From 1864 to 1868, Berthold Carl Seemann published a series of articles in the Journal of Botany, British and Foreign, all of which were entitled "Revision of the natural order Hederaceae".[20] In 1868, he published a book by the same title.[21] He divided what later became Hawaiian Tetraplasandra into four genera. He maintained Tetraplasandra for T. hawaiensis and created two new genera; Triplasandra, for Asa Gray's Gastonia oahuensis and Dipanax for Mann's Tetraplasandra dipyrena. He placed Mann's Tetraplasandra kavaiensis in Agalma,[22] a genus that Friedrich A.W. Miquel had established in 1856.[23][24]

In 1873, Heinrich Wawra von Fernsee named a new species from Kauaʻi as Tetraplasandra waimeae.[25]

In 1888, in the first flora of the Hawaiian Islands, Wilhelm B. Hillebrand raised Horace Mann Jr's Pterotropia to generic rank as Pterotropia. He added to it, a new species from Oʻahu, which he named Pterotropia gymnocarpa.[26] This work was published posthumously by his son, William Francis Hillebrand to whom the name Pterotropia is often incorrectly attributed. The name Pterotropia is now considered illegitimate because, while Pterotropia is an older name, Dipanax is older at generic rank and therefore has priority.[2][5]

Wilhelm B. Hillebrand put two species in Tetraplasandra: T. hawaiensis and T. waimeae. He placed four species in Triplasandra: Tri. oahuensis, Tri. meiandra, Tri. lydgatei, and Tri. kaalae. Three of these were newly named.[26] Tetraplasandra waimeae is now known to be closer to T. oahuensis than to T. hawaiensis.[3]

In 1898, in a monograph on Araliaceae for Die Natürlichen Pflanzenfamilien, Hermann Harms adopted Hillebrand's Pterotropia, but sank Triplasandra back into Tetraplasandra.[27] Harms accepted the six species that Hillebrand had placed in Triplasandra and Tetraplasandra. He also included in Tetraplasandra, the Malesian species that was later called Gastonia serratifolia and then Polyscias serratifolia.

In 1913, Joseph F.C. Rock described a new species from Kauaʻi, and named it Tetraplasandra waialealae.[28]

In 1917, Charles Noyes Forbes named another species from Kauaʻi as Tetraplasandra racemosa.[29] Both of these are still recognized as distinct species, but in 1952, Earl Edward Sherff erected the new genus Munroidendron for T. racemosa.[30]

In 1955, Sherff wrote a revision of the Hawaiian species of Tetraplasandra. It included a detailed taxonomic history. Sherff considered Tetraplasandra to consist of three species from Malesia and 19 from Hawaii.[2] In this treatment, he named several new species and included others that had been named by Joseph F.C. Rock, Otto Degener and Carl J.F. Skottsberg. Of all of the species named by Sherff, only T. bisattenuata is still recognized today.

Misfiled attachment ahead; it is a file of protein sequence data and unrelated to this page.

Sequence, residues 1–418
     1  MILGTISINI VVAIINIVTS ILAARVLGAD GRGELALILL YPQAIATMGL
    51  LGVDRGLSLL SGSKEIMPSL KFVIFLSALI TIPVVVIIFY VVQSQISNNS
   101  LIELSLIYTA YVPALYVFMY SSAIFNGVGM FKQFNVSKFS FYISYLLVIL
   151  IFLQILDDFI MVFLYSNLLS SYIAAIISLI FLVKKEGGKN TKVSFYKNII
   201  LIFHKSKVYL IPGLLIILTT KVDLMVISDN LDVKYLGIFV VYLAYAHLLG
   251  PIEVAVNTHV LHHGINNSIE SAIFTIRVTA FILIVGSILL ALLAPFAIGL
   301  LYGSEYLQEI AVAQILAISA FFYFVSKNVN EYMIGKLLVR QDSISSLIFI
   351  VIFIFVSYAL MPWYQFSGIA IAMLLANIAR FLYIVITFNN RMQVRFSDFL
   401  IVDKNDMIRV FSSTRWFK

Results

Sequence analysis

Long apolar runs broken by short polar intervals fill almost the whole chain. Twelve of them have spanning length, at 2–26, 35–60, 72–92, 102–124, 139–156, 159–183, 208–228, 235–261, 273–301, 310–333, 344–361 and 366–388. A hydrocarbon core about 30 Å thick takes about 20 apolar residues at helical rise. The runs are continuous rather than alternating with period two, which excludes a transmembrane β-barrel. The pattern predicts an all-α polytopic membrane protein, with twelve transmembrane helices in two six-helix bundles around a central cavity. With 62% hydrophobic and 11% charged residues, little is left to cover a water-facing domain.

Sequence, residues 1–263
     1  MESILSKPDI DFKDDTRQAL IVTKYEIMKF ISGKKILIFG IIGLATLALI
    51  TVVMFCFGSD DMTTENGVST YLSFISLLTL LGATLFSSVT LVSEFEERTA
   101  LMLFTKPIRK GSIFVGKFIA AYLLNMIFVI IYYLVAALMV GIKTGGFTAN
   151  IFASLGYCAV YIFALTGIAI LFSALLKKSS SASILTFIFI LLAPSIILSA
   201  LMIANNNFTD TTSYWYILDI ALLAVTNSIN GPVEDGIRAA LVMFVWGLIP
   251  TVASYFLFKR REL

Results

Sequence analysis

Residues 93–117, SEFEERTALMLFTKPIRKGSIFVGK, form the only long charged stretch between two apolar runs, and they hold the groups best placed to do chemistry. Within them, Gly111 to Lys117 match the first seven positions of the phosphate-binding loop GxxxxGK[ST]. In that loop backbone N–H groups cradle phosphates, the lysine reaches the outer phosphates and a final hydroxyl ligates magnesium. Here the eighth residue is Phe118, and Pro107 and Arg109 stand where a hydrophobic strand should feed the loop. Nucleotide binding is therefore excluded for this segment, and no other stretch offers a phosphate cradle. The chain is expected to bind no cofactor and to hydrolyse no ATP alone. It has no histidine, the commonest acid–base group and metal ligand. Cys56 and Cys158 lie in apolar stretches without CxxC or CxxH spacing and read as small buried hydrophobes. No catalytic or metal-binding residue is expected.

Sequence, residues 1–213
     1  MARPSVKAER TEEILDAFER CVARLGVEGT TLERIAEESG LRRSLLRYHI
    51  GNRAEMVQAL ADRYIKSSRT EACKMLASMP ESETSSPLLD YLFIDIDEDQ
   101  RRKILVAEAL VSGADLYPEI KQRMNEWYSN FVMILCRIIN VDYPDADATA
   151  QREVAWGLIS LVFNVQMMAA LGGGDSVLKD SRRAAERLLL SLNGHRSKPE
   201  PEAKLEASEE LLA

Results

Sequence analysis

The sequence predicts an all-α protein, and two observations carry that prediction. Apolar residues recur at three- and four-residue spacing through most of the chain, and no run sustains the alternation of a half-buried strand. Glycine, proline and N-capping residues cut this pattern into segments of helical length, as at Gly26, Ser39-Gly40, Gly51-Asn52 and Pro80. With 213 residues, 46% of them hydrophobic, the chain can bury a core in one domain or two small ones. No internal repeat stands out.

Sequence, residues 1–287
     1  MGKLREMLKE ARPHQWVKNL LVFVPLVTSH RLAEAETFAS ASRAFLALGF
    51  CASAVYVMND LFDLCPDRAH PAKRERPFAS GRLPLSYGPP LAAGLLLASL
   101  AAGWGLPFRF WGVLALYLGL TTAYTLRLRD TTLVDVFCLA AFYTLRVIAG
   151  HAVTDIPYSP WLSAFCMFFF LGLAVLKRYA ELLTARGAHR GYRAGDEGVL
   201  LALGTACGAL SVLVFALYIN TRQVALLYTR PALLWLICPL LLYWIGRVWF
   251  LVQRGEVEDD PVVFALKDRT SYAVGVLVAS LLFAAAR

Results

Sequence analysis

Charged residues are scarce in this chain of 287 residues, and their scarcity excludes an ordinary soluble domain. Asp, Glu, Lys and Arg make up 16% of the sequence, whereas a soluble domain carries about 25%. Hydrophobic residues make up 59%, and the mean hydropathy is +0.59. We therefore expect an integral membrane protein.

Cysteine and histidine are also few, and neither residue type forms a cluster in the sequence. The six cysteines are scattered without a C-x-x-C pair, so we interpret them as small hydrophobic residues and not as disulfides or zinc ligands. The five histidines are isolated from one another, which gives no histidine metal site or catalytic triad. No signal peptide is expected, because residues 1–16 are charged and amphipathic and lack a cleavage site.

Sherff recognized the uniqueness of T. hawaiensis, a judgement that was corroborated by subsequent evidence. He understood that T. waimeae and T. waialealae are closely related and that these two belong in a group with T. oahuensis, T. lydgatei, and T. bisattenuata. He placed Pterotropia in synonymy under Tetraplasandra, writing that "a monographic study of Tetraplasandra reveals so much interlocking and overlapping of characters between Tetraplasandra and the species assigned to Pterotropia as to remove all warrant for their segregation".[2]

In 1990, Tetraplasandra was covered in a flora of Hawaii.[1] Only six species were recognized, pending further study.[31] These were T. gymnocarpa, T. hawaiensis, T. kavaiensis, T. oahuensis, T. waialealae, and T. waimeae. A detailed description and full synonymy were given for each species.

In 2000, a new species from the island of Kauaʻi, Tetraplasandra flynnii, was described in Novon.[32] At that time, it was known from only three individuals. Tetraplasandra lydgatei was resurrected in 2005 in a paper in Pacific Science.[33] At that time, it was known from only six individuals on the island of Oʻahu.

In 2007, a molecular phylogenetic study compared by cladistic methods, the DNA sequences of two regions of nuclear DNA for eight species of Tetraplasandra and their close relatives. The two DNA regions, known as Internal transcribed spacer and non-transcribed spacer are adjacent to genes for Ribosomal RNA. In this study, the former genus Tetraplasandra was resolved as monophyletic and consisting of three clades.[3]

T. hawaiensis was found to be sister to the rest of Tetraplasandra. T. kavaiensis, T. flynnii, and T. gymnocarpa formed a strongly supported clade. The remaining clade consisted of T. bisattenuata, T. oahuensis, T. waimeae, and T. waialealae. T. bisattenuata was found to be distinct and the authors recommended that it be reinstated.[3]